Iraqi Kurds see sharp decline in oil exports
Baghdad, September 10, 2011
Crude exports from Iraq's northern Kurdish region have dropped to 50,000-60,000 barrels per day from 160,000 bpd since late last month, several Iraqi government sources said on Saturday.
The reason for the decline was unknown, they said.
'The oil ministry was informed at the start of this month by the North Oil Company that crude quantities pumped from the Kurdish region were cut to 50,000-60,000 bpd from 160,000 bpd at the end of August,' an oil ministry source said.
A North Oil Company source said that Kurdish exports had declined by 'more than half' from 160,000 bpd around the end of August.
'We haven't the least idea about the reasons for the decline and we informed the oil ministry of this issue more than a week ago,' said the source, who asked not to be named.
'This cut will definitely affect Iraq's exports via Ceyhan port and then the country's total export level.'
A source in the office of Iraqi Deputy Prime Minister Hussain al-Shahristani also confirmed the sharp decline and said: 'We hope it is a technical fault.'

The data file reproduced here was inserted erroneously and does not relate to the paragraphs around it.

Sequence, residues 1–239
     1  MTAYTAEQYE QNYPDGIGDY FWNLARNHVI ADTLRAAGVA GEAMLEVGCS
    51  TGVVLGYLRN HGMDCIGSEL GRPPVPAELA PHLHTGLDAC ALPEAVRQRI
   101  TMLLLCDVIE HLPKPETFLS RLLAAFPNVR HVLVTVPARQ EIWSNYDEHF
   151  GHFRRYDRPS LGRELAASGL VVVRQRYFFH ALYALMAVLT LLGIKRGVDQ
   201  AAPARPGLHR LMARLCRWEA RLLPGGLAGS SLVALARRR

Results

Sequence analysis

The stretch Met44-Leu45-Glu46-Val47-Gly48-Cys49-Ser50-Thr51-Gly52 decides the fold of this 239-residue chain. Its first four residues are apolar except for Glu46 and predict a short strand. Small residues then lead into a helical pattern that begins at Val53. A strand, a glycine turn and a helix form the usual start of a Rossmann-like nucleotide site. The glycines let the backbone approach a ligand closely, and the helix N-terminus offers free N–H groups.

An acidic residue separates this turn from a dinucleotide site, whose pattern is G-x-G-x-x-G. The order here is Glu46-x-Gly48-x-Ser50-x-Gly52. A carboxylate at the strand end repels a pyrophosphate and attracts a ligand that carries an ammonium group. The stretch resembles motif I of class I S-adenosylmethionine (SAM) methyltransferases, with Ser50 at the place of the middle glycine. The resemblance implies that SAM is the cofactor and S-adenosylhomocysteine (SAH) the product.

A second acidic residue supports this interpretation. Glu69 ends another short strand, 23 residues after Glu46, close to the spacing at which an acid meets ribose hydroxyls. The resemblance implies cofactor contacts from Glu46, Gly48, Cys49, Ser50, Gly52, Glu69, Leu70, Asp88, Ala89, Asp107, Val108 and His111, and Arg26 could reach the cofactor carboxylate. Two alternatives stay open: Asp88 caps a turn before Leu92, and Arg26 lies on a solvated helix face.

Iraq's semi-autonomous Kurdish region and the central government in Baghdad have long-standing disputes over control of the northern oilfields.
Iraqi Kurdistan halted exports in 2009 due to disagreements with Baghdad over contracts the Kurdistan Regional Government (KRG) signed with foreign oil firms to develop its fields. Baghdad considers the contracts illegal.
The Kurdish region resumed exports in February, boosting Iraq's total exports.
In August, Iraq exported a total of 2.189 million bpd of crude in August, including 461,000 bpd from northern fields, according to figures from the State Oil Marketing Organisation, up from 2.164 million bpd in July.
Most of Iraq's exports are shipped from the southern oil hub of Basra. Much of the oil from the northern fields flows by pipeline to the Turkish port of Ceyhan.
The ongoing dispute between the central government and the KRG shows no sign of abating.
On Sept 5, the Iraqi Oil Ministry said it was barring US oil firm Hess Corp from its 4th energy auction in January because the company signed deals with the KRG.
Later the same day, the KRG issued a sharply worded statement criticising a new draft hydrocarbons law making its way through Iraq's parliament, saying it violated 'the essence of the constitution.'
The KRG said the Iraqi parliament should reject the new law, long awaited by foreign firms seeking more solid legal footing for investments in Iraq.-Reuters